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Charles Haertling: Modernism in the mountains

Nature’s own intricate patterns inspired the architect’s outlandish homes

The 1970 Menkick House, build to align with outcroppings of rock on site
Courtesy of the Boulder Public Library

Charles Haertling called the city of Boulder, Colorado, his gallery, and throughout his decades-long career in architecture, he drew inspiration from the city’s incomparable mountain landscapes. He didn’t just frame gorgeous views of the Rocky Mountains, but built with nature in mind, replicating organic forms in a series of custom private homes for fellow artists, intellectuals, and nonconformists.

Often compared to Bruce Goff and Frank Lloyd Wright, Haertling found inspiration beyond modern theory and forms. The homes and offices he designed riffed off the shapes of yucca pods, a mass of barnacles, and even a human eye (the entry, of course, was in the cornea). Haertling didn’t seek these shapes for the sake of being nonconformist; he diligently interviewed clients for days, often steering homeowners to other architects if he didn’t feel like the project was a good fit. But the laborious process meant that while his 39 Boulder-area homes may have drawn double takes from neighbors—the Denver Post once wrote about the way his “space craft home” drew onlookers—they were above all livable, carefully mimicking nature’s balance of form and function.

Biography

After graduating from high school in his hometown of St. Genevieve, Missouri, Charles Haertling joined the Navy in 1946 for a two-year stint. During a series of military aptitude tests shortly after registration, he discovered his natural design talent and decided to pursue a career in architecture. After serving, he went back to Missouri, graduated from Washington University in 1952, and took a teaching position at Colorado University in Boulder in 1953.

The prow of the Volsky House, a circular structure that leaned over the hillside.
Courtesy of the Boulder Public Library

Between teaching and apprenticing for local architects, including Jim Hunter and Tician Papachristou, Haertling was on his way to starting his own practice, and would open his own office in 1957. But nothing in a classroom or office inspired him as much as his new surroundings; obsessed with the mountains and Colorado’s natural beauty, he would work there his entire life.

Haertling’s big break came with the 1958 Noble House, a series of thin, folded octagonal forms he described as a “wigwam.” As clients began hearing of the unorthodox Boulder designers and approaching him for their own eccentric homes, Haertling didn’t disappoint, constantly varying his style and approach. The circular 1964 Volsky House, arranged around a central indoor garden, had such an odd shape and dramatic balcony, which jutted out like a ship’s prow, that neighbors petitioned against its construction. His bold, blocky Razee House, an outlier in a portfolio of curvaceous creations, was Brutalism at its best, down to lined concrete walls (it’s since been renovated, without sacrificing its bold facade). St. Stephen’s Church, a rare nonresidential design, was a caricature of hyberbolic paraboloids, a set of swooping curves that looks more Googie than god-like. His perfectly perched Aspen Leaf House, featuring a flared copper roof, offers a stunning view of the surrounding mountains and hills.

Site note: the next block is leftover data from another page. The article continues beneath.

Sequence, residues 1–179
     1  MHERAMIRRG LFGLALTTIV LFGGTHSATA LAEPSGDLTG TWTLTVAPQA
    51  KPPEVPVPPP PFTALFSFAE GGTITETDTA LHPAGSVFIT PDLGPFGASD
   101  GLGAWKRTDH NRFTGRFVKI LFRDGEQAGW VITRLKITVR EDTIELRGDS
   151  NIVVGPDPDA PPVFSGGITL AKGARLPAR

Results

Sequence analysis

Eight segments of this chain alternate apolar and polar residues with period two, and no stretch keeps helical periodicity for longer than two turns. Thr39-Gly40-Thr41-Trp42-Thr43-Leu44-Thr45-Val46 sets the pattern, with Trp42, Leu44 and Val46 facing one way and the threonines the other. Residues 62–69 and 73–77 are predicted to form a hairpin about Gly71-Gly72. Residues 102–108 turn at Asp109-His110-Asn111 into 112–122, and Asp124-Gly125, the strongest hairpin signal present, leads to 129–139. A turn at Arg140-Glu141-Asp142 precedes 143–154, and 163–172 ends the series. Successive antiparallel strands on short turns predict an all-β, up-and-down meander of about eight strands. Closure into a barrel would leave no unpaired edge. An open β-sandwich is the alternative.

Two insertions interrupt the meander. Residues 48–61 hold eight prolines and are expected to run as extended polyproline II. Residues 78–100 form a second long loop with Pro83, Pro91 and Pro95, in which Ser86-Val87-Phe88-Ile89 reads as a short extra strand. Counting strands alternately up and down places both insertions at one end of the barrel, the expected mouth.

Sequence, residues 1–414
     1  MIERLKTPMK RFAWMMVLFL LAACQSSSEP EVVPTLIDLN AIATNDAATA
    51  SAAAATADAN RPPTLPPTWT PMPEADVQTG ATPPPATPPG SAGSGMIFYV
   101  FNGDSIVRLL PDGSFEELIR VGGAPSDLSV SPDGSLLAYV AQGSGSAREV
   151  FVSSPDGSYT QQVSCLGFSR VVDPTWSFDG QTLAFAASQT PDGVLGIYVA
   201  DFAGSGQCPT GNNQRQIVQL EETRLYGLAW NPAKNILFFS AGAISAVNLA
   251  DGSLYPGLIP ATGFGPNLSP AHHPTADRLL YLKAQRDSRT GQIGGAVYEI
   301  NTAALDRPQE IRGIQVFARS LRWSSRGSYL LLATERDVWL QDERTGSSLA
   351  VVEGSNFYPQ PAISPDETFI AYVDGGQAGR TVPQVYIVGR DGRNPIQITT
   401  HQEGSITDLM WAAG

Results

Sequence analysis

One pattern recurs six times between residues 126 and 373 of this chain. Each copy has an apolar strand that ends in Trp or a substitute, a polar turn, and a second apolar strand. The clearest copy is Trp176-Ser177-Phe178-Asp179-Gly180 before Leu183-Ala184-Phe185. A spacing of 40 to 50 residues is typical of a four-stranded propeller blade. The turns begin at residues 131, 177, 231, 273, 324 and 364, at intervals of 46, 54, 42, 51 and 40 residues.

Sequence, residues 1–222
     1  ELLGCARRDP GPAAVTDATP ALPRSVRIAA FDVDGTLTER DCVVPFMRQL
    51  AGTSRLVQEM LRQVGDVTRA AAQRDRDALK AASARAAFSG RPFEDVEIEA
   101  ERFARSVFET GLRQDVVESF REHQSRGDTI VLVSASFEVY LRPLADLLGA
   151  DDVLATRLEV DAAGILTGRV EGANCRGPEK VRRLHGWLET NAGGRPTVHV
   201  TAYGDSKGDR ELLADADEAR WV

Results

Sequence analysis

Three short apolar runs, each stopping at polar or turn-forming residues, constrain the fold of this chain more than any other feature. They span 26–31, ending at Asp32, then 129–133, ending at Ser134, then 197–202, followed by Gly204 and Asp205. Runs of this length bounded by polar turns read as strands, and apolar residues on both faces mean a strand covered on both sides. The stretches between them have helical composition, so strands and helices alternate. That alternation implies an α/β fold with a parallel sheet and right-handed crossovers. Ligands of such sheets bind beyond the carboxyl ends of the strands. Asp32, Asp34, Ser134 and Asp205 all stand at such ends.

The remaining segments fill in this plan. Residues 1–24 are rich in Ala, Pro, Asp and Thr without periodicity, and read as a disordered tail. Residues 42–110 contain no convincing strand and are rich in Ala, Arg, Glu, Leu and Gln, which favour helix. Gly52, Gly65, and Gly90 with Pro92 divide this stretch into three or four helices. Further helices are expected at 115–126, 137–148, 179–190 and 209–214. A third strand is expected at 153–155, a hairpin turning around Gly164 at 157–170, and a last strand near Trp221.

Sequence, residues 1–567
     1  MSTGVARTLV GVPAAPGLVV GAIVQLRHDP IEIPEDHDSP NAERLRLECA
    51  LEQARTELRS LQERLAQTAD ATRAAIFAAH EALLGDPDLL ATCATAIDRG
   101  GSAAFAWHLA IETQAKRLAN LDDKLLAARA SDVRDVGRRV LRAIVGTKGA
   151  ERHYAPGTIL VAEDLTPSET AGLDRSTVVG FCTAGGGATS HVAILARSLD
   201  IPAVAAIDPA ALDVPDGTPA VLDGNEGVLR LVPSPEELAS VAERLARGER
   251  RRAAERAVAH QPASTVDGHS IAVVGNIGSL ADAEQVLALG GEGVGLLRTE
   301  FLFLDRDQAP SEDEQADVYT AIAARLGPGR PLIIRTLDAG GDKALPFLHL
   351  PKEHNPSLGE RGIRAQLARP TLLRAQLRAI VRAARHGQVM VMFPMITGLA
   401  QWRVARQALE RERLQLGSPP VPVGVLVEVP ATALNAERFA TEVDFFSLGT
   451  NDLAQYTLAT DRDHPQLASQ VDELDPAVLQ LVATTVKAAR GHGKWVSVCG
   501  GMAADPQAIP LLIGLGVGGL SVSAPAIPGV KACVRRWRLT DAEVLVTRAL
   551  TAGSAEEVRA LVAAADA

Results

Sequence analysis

Haertling’s portfolio, though small, lived up to his early promise, making it all the more tragic that his career was cut short. Diagnosed with brain cancer in 1984 at 54, Boulder’s irrepressible architect was forced to stop working in his prime.

Brenton House
Courtesy of the Boulder Public Library

Buildings to know

All of Haertling’s creations had character. But none makes as much of an impression as 3752 Wonderland Hill Avenue, officially called the Breton House but known to locals as the Mushroom House. A bulbous white building formed from five pods of polyurethane foam and rebar, it’s familiar yet futuristic (perhaps due to its cameo in Woody Allen’s movie Sleeper). Sean McIllwain, who runs the architecture appreciation site Mod Boulder, says it’s impossible to miss, and while the home, completed in 1969, offers an unforgettable profile, the design makes much more sense inside, where the open space and excellent views of the nearby lake give credence to the architect’s odd design, one inspired by the shape of barnacles.

McIllwain says the other Haertling gem that locals fawn over is the 1970 Menkick House, a Usonian-style beauty that appears to grow out of the elevated landscape. Located in the exclusive Knollwood neighborhood, the home boasts a near-perfect flat roof and amazing views, with all of its four stories aligned with adjacent outcroppings of rock.

“There isn’t one person I’ve shown the house to who doesn’t immediately want to move in,” he says.

Legacy and reputation today

Haertling’s architecture still beguiles and inspires today, and while a career cut short suggests unrealized potential, buildings may not have been the architect’s greatest contribution to his hometown. He spent years working in and for Boulder’s government as a city councilmember, deputy mayor, and a member of the Landmarks Board. A lover of open space and natural splendor, Haertling helped enshrine these ideals in city policy. He pushed to keep a green belt around the city and preserve historic architecture, and supported public space, including the famed Pearl Street Mall. Nature may have been his biggest inspiration, and he made sure generations after him would get the chance to be similarly inspired.

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